The History Of Torture PDF book 1949 by Joseph McCabe

Download The History Of Torture PDF book 1949 by Joseph McCabe 

Download The History Of Torture PDF
The History Of Torture PDF book by Joseph McCabe

A short book about the history of torture that is still used in our civilized societies 


Cruelty is the ugliest impulse in man, and the deliberate torture of other humans, whether from sad¬ ism, vindictiveness, or as a judicial process, is its vilest expression. Yet, while we have whole libraries on what is called vice, there is—if we ignore a short sketchy account in G. R. Scott’s (improperly titled) “History of Torture”—only one book in any language on the long and poignant story of its use. This one book, in fact, Franz Helbing’s “Die Tortur” (1903) is so little known that the writer (or reviser) of the article on torture in the Encyclope¬ dia Britannica, a leading professor of international law, refers to it as a work of “K. Kelbing” and has clearly never read it.

Yet, torture is predominantly a vice of the civilized period. We find it, naturally, among the children of Nature, in whom the light of intelligence and idealism is still struggling to birth, but not so extensively that we can plead that it is due in us to an impulse deeply-rooted in human nature by ages of barbarism. This darkest stain on man’s record has this sin¬ gular distinction that it became deeper and broader when the race passed into a higher civilization, was most repulsive in the shining days of the European Renaissance, spread once more to an appalling extent (under Nazism) in our own time, and is still found under the refined and virtuous rulers of such countries as China, Greece, and Spain, and their spiritual guides.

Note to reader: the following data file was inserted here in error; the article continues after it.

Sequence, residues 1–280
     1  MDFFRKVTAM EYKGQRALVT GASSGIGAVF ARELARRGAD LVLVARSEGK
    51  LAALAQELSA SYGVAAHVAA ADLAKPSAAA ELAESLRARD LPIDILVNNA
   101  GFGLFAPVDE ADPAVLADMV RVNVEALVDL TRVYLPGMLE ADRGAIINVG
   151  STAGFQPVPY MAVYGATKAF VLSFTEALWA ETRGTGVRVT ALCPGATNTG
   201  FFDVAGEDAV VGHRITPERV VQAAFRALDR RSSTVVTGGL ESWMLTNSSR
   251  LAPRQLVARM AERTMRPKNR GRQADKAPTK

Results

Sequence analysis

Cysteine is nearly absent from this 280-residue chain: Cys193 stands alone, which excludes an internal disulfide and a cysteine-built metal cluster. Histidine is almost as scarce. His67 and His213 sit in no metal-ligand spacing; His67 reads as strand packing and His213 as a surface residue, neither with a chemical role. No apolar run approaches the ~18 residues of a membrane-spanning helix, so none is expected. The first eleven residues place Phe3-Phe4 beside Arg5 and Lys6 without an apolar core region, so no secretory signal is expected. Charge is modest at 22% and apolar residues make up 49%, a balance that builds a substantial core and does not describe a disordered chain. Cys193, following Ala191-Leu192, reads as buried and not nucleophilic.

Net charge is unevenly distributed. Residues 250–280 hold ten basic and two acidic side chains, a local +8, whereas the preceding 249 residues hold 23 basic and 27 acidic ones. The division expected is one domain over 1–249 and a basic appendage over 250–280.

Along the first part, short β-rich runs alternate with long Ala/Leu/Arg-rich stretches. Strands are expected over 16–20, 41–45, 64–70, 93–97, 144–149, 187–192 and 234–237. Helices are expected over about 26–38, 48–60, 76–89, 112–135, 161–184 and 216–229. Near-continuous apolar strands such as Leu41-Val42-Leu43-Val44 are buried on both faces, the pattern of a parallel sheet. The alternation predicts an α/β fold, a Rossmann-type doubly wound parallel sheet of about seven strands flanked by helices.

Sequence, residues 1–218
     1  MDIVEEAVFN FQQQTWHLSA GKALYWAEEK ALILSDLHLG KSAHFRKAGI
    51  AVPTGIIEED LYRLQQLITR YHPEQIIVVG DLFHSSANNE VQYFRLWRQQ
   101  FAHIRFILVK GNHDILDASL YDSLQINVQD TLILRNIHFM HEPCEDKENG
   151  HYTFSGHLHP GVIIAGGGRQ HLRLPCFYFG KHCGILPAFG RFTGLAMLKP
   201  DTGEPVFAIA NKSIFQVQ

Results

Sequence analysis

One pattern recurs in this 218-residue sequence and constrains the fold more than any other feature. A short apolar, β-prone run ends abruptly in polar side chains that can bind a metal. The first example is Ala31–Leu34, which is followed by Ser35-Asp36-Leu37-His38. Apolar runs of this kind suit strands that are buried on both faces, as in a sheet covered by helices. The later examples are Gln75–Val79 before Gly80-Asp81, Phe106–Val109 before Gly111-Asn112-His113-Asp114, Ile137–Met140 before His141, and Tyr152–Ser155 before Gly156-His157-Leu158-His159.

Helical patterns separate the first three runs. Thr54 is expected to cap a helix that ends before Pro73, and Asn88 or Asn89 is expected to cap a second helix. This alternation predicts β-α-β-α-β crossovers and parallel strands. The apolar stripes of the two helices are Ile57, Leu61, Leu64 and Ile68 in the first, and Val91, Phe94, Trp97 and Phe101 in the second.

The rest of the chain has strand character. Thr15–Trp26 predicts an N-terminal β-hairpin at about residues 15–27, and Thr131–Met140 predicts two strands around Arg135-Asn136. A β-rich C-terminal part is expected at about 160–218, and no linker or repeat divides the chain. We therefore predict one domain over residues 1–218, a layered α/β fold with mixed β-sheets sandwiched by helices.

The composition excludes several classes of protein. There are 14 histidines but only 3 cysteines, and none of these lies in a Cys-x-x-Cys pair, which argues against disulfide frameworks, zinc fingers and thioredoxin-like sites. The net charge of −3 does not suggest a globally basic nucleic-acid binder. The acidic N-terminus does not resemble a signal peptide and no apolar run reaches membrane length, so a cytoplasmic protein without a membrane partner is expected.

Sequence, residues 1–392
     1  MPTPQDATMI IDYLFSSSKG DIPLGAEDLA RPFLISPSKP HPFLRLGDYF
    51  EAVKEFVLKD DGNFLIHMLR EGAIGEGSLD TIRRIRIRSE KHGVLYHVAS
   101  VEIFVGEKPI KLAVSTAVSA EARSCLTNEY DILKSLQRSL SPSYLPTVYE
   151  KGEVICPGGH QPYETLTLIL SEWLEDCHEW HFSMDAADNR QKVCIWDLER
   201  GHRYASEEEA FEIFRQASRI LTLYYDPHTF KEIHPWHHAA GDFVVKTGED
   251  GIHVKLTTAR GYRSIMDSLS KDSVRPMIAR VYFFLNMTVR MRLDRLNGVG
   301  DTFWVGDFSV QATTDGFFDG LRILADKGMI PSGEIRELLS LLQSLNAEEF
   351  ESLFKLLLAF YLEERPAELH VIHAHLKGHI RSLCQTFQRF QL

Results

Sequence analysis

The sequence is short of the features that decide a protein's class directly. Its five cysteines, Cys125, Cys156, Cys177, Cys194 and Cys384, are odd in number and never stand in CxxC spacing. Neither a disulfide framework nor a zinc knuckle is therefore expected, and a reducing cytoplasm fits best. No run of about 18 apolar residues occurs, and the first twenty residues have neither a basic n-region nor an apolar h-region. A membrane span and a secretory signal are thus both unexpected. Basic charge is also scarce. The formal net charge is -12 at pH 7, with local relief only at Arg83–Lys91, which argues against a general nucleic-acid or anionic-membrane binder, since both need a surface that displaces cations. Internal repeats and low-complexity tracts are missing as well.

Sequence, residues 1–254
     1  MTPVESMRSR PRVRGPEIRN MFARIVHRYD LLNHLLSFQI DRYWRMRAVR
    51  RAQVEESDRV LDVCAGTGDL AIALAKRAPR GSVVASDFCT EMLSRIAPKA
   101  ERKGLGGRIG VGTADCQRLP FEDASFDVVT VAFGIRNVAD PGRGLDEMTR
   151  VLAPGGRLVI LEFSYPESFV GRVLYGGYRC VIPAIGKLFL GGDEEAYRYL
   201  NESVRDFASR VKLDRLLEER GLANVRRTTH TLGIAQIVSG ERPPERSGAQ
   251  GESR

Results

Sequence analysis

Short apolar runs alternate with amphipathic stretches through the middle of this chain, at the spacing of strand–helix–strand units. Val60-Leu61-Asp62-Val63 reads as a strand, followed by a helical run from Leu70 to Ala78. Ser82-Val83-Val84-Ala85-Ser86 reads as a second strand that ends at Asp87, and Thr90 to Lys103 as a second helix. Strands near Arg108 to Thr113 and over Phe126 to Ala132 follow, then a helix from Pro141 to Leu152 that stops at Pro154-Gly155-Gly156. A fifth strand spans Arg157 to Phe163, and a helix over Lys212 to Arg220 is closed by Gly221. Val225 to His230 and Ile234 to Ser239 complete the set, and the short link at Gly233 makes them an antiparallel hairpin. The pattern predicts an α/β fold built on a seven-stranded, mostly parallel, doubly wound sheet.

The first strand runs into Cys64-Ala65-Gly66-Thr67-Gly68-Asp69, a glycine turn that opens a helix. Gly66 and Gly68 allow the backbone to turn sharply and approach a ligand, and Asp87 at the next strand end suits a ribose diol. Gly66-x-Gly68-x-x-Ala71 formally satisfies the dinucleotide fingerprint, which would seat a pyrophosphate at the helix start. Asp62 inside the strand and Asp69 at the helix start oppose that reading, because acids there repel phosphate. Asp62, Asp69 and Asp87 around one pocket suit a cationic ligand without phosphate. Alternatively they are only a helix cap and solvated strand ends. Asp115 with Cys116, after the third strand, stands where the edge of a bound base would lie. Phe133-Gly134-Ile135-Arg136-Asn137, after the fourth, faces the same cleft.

Three other features of it that are not noticed by Helbing and the learned encyclopedia-writers de¬ serve the attention of every social student of human behavior. It came into the stream of European-Ameri- can culture, not (as it did in China) from an environing barbarism, but from the same source as our main religious ideas and moral ideals. In recent work,

“The Evolution of the Virtue of Chastity” (Halde- man-Julius, 25c), I showed that this ascetic conception of life originated in and spread from Persia, and few historians fail to lay a garland on the tomb of ancient Persia in gratitude for its introduction of spiritual religion and a higher standard of virtue. Here I will show that it was from this same Persia that Europe derived that casuistic insensibility to the horror of torture which for a thousand years deeply tainted its life and is still one of the chief rea¬ sons why we so easily reconcile our¬ selves to the savagery of war.

Author: Joseph McCabe
Publication Date:1949

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